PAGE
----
LAKE CHARLES, La. (KPLC) - Immediately after Hurricane Laura made landfall, the Salvation Army hit the ground running to provide help to the community. Meanwhile, many of their year-round resources like the Salvation Army Shelter and Family Store took big hits from the storm.
This time three weeks ago, the Salvation Army Shelter was serving its last meals to the nearly 20 homeless men who were sheltered there before the storm.
“Right here was going to be a small dorm but after the reopening, it was going to be our veteran’s dorm," said Lt. Thomas Marion.
The damage left behind from Hurricane Laura has impacted much of Lake Charles and posed yet another challenge for the city’s homeless population.
“We had our soup kitchen open every day and for now it’s just a distant memory,” Marion said.
One of the city’s most viable resources for the most vulnerable was the Salvation Army Shelter.
“It’s devastating because we’ve been putting so much money to do our renewed grand opening on Oct. 30, to go from 30 beds to 52 beds to help out the community,” Marion said. "So it was real devastating and hurt a lot. "
New bathrooms, offices, and spaces for work programs - all gutted again and starting from scratch.
“It’s not just a place for homeless people but for people who hit hard times and need to get back on their feet and find their way," Marion said. "It’s a place of hope.”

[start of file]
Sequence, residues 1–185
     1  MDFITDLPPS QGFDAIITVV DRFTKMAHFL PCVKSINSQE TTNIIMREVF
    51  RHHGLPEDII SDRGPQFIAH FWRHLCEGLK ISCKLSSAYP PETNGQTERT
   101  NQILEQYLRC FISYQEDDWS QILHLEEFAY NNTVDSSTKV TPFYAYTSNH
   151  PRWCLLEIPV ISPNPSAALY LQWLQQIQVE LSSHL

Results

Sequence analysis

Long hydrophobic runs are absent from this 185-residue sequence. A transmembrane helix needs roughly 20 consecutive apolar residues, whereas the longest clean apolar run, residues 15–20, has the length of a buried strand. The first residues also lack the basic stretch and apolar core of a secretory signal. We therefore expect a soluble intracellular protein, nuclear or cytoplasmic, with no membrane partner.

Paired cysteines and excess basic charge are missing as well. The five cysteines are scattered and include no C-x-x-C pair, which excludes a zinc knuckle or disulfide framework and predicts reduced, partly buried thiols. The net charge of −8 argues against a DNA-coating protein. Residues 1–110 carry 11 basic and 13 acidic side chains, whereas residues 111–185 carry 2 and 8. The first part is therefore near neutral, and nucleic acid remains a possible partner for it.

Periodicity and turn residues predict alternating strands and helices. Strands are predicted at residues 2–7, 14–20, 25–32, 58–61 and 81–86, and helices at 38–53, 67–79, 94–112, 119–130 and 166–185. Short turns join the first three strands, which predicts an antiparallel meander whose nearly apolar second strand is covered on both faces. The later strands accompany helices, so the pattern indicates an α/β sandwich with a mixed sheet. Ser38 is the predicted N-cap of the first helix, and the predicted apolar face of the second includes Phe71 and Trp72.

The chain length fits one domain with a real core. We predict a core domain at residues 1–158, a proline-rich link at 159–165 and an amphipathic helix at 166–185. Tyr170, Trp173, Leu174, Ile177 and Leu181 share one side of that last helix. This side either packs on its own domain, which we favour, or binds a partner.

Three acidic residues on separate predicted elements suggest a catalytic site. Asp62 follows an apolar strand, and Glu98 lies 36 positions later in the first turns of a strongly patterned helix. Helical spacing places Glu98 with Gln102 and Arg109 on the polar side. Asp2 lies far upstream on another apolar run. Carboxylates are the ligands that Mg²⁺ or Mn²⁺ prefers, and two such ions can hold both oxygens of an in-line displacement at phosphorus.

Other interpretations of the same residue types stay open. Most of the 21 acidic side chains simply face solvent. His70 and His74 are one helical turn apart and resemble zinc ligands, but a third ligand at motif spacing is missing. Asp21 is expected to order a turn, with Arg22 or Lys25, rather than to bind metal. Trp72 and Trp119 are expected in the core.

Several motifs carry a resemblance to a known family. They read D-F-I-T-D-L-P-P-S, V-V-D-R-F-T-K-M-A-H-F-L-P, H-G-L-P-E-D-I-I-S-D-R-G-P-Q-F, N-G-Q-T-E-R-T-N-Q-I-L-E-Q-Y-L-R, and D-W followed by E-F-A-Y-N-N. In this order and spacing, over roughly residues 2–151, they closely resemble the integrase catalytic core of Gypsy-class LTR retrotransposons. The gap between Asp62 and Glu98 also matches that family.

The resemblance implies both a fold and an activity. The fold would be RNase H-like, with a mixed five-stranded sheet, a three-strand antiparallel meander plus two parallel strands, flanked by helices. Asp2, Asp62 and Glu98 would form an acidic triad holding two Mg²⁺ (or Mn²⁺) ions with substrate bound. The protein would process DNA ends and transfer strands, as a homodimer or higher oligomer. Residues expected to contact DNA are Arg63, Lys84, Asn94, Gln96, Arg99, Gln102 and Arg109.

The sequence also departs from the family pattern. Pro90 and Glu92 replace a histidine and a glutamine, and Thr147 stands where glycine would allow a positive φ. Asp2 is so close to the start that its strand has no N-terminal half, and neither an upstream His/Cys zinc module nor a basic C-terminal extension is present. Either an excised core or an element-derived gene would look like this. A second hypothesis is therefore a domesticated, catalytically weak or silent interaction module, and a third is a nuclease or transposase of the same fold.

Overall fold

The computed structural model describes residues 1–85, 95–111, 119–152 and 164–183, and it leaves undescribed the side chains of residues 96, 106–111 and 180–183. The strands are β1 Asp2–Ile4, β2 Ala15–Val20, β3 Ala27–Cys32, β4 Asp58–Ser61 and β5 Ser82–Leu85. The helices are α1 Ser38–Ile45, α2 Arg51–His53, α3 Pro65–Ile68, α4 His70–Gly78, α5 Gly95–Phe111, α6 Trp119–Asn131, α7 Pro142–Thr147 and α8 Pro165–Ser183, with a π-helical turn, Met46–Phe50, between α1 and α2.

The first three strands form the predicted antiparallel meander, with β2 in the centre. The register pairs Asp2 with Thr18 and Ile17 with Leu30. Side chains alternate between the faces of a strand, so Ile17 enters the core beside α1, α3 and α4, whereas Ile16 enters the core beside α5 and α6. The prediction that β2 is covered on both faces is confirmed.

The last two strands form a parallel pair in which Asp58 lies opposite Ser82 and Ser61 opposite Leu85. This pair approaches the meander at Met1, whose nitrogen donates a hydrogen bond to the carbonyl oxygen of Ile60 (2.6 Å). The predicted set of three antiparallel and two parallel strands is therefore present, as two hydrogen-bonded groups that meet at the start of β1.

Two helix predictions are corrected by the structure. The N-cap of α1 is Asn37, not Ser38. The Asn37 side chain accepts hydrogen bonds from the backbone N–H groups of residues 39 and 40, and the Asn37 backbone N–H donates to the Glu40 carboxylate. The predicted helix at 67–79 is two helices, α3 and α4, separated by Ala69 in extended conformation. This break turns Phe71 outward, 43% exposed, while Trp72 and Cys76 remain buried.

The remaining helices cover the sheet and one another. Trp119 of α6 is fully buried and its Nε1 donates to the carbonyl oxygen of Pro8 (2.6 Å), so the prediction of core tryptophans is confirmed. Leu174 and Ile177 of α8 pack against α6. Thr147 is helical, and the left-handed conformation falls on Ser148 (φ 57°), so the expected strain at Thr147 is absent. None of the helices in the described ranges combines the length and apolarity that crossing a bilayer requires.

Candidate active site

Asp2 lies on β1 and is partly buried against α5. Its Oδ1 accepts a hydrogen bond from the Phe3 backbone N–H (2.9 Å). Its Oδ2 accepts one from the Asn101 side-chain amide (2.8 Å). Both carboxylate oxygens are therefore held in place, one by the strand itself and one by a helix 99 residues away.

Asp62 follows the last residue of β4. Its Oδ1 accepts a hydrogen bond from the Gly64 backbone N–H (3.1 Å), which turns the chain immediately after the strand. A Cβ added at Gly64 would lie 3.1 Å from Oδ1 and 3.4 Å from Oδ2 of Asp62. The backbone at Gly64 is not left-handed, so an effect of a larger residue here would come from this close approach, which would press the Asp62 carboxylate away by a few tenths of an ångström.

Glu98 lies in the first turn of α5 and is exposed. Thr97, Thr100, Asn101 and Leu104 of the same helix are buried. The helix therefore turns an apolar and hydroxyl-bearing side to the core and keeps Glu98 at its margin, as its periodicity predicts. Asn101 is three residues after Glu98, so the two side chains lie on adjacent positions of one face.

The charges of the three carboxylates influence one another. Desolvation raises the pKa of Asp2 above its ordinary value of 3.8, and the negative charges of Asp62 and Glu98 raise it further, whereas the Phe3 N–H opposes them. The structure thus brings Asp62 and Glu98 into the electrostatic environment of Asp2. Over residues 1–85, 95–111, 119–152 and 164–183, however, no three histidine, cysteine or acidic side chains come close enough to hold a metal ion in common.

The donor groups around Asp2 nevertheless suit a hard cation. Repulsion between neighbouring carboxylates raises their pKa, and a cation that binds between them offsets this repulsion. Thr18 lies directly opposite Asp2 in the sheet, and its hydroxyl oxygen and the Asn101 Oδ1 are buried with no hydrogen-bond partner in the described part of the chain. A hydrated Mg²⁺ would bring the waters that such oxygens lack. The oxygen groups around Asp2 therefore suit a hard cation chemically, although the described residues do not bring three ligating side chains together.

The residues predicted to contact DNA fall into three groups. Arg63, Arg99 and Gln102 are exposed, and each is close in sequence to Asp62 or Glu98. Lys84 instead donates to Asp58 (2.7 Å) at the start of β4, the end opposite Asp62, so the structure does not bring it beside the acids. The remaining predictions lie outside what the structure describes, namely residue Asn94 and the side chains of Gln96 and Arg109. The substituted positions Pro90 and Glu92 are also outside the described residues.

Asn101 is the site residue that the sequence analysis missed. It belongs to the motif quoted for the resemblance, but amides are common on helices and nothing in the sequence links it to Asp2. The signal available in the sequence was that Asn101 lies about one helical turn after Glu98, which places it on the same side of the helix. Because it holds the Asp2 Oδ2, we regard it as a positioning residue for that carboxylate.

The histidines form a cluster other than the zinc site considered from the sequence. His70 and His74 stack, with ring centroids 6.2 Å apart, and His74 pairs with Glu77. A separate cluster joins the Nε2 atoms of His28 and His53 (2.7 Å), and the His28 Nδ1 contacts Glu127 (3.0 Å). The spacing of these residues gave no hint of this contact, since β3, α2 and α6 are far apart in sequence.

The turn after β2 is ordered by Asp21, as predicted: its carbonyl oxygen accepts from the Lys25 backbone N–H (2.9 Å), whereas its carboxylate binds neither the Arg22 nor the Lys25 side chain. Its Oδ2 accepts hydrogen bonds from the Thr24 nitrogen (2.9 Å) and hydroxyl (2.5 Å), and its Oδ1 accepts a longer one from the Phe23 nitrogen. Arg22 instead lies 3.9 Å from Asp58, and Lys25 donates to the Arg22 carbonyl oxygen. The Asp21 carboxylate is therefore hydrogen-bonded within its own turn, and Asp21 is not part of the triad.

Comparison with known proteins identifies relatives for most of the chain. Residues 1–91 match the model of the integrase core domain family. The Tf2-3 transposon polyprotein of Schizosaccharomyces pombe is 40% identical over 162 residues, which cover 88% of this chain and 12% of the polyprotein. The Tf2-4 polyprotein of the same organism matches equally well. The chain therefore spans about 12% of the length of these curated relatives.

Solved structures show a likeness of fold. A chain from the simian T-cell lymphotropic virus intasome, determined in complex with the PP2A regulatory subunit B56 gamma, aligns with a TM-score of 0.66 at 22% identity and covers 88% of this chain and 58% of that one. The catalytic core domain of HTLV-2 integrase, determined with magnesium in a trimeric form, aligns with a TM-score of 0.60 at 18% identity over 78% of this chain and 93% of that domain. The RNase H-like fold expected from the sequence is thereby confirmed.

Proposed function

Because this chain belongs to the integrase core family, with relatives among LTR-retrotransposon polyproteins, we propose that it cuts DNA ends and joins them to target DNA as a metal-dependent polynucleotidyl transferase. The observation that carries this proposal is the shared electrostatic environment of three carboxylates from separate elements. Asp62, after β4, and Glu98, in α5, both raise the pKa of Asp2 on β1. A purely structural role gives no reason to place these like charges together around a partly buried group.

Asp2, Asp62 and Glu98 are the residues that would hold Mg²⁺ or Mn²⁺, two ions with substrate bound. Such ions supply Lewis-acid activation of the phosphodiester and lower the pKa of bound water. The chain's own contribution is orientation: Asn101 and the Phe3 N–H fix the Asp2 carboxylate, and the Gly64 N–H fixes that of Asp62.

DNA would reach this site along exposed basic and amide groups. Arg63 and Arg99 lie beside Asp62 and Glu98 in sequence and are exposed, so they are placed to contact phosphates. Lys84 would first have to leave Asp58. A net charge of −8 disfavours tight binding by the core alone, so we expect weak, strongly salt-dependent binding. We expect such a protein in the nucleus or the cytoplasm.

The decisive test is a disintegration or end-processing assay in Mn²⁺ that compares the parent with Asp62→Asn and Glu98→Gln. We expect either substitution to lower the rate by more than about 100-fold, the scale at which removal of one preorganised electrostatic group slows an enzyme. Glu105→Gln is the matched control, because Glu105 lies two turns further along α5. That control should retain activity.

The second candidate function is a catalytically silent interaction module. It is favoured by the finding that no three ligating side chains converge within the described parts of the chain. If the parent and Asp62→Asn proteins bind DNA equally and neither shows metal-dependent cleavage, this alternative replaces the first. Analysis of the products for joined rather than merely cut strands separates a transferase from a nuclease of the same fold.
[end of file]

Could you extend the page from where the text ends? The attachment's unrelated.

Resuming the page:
That hope is now delayed.
Before Laura, the shelter was undergoing an expansion so that it could house more people while also meeting COVID-19 guidelines.
“We had 17 here when we closed," Marion said. "We usually do 30 but with COVID restrictions we could only do 17. Right now we have no place for them to come back to and that’s a sad thing.”
Marion says they were able to safely evacuate those 17 people to shelters in Baton Rouge. Since the Salvation Army is the largest shelter in the Lake Area, they’re hoping to get it back up and running for the people who need it most.
“We had one guy move out the week before the storm," Marion said. "He had got custody of his child and was able to get his own home. Stories like that are what make a difference. Seeing those things is what keeps us going here.”
Marion said starting the rebuilding process all over again won’t be easy, but it’s necessary for the community.
“I had a staff member ask me yesterday if we were going to rebuild, I told her we have to rebuild, there’s no choice," he said. "It’s not gonna be today or tomorrow but we’re going to get it back to where it needs to be.”
As crews continue working to gut out the shelter located on Legion Street, Marion says their attention now turns to finding a large enough kitchen to cook the meals that they’ve been serving to the community since Hurricane Laura.
The Salvation Army Shelter was set to have a grand reopening in October to unveil their new expansions. Due to the damage left from Hurricane Laura, Marion says the shelter won’t open now until some time next year.